A message from the President of RCSI
16 October 2020
Dear Fellows and Members,
It has indeed been a busy two weeks since the last newsletter. Unfortunately the eye of the storm has passed and COVID-19 is upon us again. We are back to level 3 or 4 restrictions countrywide while Northern Ireland will impose even more stringent restrictions. The exponential increase in cases has followed all the public health predictions – 1,205 new cases this evening compared with 390 two weeks ago. One can only hope that our heath services will prove as resilient as they were earlier in the year.
On Wednesday, on behalf of RCSI I was able to welcome the announcement by the Minister of Health of additional funding for the health services following allocations made in Budget 2020/21. The measures announced will assist the health services cope with the combined threats of the COVID-19 crisis and expected winter pressures. However, COVID-19 has exposed pre-existing critical shortages in hospital bed capacity, particularly in intensive care and high dependency units. Planned increased bed capacity, while welcome, is not sufficient without staff recruitment, training and retention. For too long Ireland has exported many of its best and brightest graduates in medicine, nursing and professions allied to medicine. Now is the time to ensure that all suitably qualified graduates are retained within the Irish healthcare system. The decision earlier this year to offer internship to all graduates of Irish medical schools proved invaluable in coping with the first COVID surge. It is to be hoped that the HSE will continue this arrangement.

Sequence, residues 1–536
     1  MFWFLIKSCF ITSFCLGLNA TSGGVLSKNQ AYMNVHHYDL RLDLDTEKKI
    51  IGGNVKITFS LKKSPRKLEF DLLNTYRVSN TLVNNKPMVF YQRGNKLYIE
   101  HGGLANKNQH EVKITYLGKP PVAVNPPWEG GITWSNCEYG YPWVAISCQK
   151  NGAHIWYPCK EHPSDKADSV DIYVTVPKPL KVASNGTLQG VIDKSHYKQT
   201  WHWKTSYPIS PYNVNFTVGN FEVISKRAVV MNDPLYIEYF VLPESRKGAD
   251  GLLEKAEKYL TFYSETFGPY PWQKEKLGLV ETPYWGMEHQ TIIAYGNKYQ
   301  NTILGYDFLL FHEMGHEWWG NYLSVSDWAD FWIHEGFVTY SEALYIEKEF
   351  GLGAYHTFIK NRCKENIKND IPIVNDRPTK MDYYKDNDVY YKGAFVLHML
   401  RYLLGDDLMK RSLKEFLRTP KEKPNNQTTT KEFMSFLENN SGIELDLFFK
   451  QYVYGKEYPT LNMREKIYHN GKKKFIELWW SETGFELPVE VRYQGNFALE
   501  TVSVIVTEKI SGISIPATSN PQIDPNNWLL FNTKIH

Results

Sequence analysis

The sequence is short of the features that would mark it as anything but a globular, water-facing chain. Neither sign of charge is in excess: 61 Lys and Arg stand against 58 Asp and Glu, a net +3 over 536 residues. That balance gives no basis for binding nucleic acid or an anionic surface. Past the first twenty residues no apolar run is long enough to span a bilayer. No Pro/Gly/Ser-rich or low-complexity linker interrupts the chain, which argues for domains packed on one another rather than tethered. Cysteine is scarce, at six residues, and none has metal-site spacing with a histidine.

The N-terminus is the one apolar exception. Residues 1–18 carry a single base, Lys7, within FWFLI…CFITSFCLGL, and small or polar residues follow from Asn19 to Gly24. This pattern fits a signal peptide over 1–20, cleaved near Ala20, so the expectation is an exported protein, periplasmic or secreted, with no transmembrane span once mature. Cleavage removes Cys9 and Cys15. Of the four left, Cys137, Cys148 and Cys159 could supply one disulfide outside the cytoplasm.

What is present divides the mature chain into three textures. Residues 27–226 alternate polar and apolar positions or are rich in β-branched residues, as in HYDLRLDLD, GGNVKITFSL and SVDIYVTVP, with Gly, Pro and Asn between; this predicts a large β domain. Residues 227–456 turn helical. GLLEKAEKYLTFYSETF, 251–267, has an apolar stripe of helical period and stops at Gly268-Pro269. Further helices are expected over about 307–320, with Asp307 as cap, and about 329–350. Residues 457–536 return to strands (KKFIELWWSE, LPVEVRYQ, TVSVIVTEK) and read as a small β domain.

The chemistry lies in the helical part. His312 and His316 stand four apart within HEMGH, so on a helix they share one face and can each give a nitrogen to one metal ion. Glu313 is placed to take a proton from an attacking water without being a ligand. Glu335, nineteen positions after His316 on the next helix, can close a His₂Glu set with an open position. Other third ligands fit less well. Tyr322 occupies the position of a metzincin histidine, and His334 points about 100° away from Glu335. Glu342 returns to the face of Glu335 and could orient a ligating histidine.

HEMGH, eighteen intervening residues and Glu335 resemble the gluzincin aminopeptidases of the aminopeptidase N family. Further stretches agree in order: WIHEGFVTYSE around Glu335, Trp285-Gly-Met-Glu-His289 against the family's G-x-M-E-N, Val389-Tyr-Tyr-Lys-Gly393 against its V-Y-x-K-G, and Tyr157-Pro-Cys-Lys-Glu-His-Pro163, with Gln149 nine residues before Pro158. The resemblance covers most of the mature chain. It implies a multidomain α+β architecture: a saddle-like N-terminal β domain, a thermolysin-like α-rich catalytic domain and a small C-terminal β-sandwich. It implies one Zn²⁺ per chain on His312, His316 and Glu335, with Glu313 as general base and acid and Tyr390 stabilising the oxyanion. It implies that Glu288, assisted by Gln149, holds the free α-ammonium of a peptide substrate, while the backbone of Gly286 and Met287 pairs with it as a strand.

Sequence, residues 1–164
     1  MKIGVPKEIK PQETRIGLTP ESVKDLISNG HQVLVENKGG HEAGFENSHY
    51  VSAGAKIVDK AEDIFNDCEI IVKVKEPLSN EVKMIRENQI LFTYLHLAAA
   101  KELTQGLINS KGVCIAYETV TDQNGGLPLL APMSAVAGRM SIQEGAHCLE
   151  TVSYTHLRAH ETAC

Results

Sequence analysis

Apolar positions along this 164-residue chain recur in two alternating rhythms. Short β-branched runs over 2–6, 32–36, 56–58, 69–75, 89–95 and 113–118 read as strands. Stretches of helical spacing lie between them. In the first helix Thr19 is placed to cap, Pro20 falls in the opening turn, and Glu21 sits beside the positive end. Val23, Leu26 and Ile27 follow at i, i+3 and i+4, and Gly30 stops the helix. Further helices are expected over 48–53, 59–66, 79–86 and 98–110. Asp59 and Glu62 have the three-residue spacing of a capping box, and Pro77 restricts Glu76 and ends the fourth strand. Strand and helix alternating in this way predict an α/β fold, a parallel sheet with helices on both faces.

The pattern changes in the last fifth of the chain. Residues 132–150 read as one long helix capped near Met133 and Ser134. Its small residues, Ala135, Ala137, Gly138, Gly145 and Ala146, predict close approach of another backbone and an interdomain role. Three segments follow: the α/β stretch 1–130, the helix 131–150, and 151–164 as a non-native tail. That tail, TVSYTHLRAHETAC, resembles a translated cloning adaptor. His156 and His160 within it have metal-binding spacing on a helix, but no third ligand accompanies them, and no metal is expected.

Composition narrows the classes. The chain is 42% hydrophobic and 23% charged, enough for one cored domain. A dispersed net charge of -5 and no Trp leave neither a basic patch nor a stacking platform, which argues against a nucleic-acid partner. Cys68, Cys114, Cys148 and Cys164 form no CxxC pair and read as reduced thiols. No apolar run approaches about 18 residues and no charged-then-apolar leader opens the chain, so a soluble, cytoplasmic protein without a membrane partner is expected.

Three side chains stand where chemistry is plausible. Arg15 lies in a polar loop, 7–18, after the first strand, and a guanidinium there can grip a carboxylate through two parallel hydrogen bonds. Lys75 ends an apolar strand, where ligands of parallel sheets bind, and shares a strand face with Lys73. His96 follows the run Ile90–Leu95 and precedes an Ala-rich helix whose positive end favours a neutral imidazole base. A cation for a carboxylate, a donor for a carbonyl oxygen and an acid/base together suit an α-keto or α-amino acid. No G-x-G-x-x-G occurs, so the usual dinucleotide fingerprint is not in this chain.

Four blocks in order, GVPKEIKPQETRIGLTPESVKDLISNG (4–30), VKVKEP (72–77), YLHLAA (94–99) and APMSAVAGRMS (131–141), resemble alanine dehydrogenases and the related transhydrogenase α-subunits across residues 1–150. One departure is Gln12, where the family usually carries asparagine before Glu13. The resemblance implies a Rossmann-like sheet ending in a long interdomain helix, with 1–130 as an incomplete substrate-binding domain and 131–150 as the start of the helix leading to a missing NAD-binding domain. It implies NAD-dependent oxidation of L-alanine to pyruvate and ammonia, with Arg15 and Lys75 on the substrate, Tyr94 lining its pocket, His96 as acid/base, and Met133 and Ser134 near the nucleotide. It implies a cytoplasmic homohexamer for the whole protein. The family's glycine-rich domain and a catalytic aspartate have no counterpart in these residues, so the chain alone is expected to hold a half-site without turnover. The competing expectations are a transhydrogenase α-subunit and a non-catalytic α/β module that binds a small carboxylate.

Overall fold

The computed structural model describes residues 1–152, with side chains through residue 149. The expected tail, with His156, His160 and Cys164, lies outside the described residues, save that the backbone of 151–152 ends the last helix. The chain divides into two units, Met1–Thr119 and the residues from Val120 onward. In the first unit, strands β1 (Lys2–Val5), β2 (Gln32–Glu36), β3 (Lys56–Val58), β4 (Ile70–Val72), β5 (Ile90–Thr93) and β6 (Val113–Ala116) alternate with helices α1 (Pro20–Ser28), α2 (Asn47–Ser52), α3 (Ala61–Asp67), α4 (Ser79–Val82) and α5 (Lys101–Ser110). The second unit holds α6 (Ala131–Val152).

While welcome, supplementary funding to the National Treatment Purchase Fund to provide access to scheduled care in the private sector must also facilitate access for specialty training. We in RCSI look forward to working with the Minister, his Department, the HSE and hospital groups to ensure best use of the additional funding and a safer, more equitable future in Irish healthcare.
The Annual Clinical Congress of the American College of Surgeons was held virtually last week. There were some excellent sessions, but the highlight was the award of the ACS Distinguished Service Award to Professor Hilary Sanfey. Hilary, who received an Honorary FRCSI in 2018, and trained as a senior registrar in the 1980s has had a stellar career as a transplant surgeon and more recently as Professor of Surgery and Vice-Chair for Surgical Education in Southern Illinois University in Springfield, Illinois. Hilary is a leading member of the Association of Women Surgeons whose motto is to Engage, Empower, Excel. Through this award, the ACS has recognised Hilary’s exemplary contribution to gender equality and career progression in surgery in North America and beyond. Hilary, we are very proud of your achievements.
RCSI held a virtual reception for Fellows and Members on Monday, 5 October which opened with a welcome address by ACS President Dr Valery Rusch, also an Honorary Fellow of RCSI. Vice-President Laura Viani, Council Member Margaret O’Donnell and I did short recorded interviews with several of our Fellows and Members working or training in North America. The event is available to view online here.